In the outback

In the outback

Back in Kalgoorlie I needed a few more days to buy groceries and prepare Dusty (my bike) for the outback. Heavy laden, I drove off after a week.

Soon I realized that my bike was completely overloaded. So after 50km I had to stop a car and ask if they could take some of my food to Laverton.

Between Kalgoorlie and Alice Springs (1'900km distance) there is hardly a real village and the few shops in the outback are very expensive. That's why I had to bring food for almost 30 days.

As far as Leonora I drove along the Goldfields Highway. Then I turned off in the direction of Laverton. Until this village, the road was still paved.

The Great Central Road begins a few miles to Laverton. The route crosses several Aboriginal areas and therefore you need two permits for the crossing.

I was able to apply for both permits at the Visitor Center in Laverton. You do not have to pay anything but the waiting period can take up to 5 days. Fortunately, the staff at the Visitor Center had good relationships and could speed up the process for me a little.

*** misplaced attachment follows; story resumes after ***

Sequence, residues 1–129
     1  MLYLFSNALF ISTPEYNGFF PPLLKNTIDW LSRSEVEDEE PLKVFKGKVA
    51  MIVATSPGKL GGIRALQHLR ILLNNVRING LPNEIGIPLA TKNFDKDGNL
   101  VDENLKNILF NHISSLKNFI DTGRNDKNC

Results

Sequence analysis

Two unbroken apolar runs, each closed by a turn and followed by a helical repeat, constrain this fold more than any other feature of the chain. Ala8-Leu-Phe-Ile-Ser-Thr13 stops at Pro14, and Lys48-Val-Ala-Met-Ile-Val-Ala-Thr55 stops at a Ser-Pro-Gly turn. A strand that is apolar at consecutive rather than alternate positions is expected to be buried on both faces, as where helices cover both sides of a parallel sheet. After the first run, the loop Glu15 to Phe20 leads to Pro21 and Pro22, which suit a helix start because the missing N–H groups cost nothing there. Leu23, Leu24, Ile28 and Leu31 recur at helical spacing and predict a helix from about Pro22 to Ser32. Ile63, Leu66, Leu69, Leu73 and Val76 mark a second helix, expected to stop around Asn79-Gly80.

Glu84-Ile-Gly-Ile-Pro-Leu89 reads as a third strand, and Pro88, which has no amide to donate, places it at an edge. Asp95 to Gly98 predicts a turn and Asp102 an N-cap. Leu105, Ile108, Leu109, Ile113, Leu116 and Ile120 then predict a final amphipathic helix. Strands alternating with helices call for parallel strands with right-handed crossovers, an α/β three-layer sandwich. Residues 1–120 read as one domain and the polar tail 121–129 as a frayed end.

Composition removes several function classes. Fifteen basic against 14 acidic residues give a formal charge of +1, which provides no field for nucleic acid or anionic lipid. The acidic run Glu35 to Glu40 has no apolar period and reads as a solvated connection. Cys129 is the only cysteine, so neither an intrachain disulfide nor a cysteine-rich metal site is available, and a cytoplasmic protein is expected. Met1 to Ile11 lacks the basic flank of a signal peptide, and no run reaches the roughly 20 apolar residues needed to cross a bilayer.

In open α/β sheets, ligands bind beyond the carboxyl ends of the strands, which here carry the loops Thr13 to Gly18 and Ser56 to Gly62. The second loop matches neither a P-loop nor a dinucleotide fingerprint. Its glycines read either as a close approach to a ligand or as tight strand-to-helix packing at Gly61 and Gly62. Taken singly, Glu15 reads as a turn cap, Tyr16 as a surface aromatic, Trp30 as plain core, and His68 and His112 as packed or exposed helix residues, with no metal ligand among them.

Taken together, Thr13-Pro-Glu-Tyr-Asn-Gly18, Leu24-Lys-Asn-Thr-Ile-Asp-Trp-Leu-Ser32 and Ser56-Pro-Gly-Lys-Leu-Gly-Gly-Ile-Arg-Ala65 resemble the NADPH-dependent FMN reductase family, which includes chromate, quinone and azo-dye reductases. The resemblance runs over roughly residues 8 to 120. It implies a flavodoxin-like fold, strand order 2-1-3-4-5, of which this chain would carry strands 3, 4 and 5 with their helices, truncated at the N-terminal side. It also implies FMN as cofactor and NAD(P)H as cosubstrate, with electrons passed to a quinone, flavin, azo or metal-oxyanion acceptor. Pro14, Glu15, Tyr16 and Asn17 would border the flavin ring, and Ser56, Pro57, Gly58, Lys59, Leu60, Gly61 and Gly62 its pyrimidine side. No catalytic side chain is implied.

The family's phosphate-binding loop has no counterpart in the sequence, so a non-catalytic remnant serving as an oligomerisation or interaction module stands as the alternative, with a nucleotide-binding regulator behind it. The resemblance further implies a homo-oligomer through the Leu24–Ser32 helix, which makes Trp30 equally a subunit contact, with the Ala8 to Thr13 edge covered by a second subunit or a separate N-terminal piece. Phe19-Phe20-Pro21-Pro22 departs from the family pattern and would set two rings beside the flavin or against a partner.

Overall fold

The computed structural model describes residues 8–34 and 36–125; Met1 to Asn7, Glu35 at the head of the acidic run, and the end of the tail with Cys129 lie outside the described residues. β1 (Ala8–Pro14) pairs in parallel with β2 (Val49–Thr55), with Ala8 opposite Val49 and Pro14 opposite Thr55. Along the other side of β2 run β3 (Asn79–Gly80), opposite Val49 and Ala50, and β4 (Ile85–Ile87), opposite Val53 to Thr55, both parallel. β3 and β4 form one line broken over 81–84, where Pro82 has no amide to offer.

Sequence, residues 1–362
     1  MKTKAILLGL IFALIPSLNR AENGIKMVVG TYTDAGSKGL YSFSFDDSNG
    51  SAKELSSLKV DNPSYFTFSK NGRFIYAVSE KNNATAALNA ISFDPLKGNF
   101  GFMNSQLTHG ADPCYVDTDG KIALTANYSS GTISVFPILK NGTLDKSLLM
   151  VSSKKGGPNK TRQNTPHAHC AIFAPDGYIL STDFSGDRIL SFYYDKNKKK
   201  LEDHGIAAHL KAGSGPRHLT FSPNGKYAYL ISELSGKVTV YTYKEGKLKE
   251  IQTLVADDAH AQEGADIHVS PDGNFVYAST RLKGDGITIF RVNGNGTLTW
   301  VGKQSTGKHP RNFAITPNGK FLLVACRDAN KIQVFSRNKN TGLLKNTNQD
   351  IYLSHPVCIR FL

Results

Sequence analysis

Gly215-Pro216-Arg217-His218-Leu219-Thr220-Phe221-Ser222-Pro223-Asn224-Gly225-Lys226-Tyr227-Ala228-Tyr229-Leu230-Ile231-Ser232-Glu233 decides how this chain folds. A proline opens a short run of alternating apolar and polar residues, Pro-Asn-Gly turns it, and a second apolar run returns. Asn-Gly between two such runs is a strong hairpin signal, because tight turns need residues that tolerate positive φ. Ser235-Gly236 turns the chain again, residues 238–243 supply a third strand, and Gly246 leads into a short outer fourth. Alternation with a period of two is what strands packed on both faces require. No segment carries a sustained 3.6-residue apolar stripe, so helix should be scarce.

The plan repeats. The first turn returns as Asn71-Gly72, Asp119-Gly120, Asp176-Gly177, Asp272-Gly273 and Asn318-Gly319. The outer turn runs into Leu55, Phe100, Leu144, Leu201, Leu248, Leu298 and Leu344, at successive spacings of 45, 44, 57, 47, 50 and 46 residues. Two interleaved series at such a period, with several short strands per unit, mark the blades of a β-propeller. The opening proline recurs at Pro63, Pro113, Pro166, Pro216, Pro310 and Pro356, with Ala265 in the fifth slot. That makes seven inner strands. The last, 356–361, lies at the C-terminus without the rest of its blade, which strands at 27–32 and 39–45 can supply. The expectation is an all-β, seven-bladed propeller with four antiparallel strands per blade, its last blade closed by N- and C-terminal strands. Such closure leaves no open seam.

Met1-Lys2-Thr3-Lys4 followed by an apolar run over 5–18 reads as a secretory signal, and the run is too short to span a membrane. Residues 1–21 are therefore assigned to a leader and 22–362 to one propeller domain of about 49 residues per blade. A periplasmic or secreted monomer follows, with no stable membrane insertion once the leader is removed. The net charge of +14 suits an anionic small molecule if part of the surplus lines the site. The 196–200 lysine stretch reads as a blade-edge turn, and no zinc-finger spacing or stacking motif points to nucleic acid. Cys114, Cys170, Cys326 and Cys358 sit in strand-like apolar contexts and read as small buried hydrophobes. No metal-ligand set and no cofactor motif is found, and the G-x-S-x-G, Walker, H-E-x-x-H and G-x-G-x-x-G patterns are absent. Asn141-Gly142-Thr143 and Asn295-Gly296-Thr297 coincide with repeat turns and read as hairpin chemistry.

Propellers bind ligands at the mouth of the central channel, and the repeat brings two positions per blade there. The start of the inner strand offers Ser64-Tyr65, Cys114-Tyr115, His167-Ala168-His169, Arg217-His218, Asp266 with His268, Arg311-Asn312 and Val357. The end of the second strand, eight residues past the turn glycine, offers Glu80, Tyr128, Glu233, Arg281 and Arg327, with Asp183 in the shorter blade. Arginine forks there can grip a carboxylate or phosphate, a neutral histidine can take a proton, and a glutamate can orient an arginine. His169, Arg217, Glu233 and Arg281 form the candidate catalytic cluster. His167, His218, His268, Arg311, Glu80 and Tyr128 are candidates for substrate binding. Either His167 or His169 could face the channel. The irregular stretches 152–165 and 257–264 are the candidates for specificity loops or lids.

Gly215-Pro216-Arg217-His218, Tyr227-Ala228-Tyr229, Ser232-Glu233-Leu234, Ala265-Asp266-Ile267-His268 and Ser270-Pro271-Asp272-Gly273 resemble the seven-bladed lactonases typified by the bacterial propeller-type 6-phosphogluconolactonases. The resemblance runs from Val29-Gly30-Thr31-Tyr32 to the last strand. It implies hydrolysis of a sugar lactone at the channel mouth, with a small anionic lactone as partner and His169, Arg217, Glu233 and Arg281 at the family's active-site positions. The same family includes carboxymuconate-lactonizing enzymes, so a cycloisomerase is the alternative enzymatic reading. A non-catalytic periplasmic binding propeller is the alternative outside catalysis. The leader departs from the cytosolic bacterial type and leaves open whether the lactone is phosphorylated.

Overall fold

After a rest day in Laverton we finally went to Great Central Road. The Great Central Road is part of the Outback Highway, which runs 2800 km through the center of Australia and is also known as the longest shortcut (the longest shortcut).

The track crosses the outback from southwest to northeast between the Great Victoria Desert to the southeast and the Gibson Desert to the northwest.

The gravel road whirls up a lot of dust when vehicles drive by, but luckily the traffic here is pretty low. Although the corrugated tracks are not always easy to navigate with the bike I liked the area right away.

The seclusion and silence out here is just fantastic. Exactly what I have always missed so much in Asia and Africa. For me it is the most beautiful, where there are as few people as possible.

However, I also had to fight with a few real pests: the flies. At sunrise, the Mistviecher arrive in huge crowds and try to fly into every imaginable body opening until sunset.

The only help to not completely spin is a head net. When drinking and eating the thing bothers me a bit but I soon got used to it.

The biggest challenge for cyclists is the large distances between the individual roadhouses. A roadhouse in Australia is in the broadest sense a service area that includes a gas station and vehicle repair shop with attached restaurant.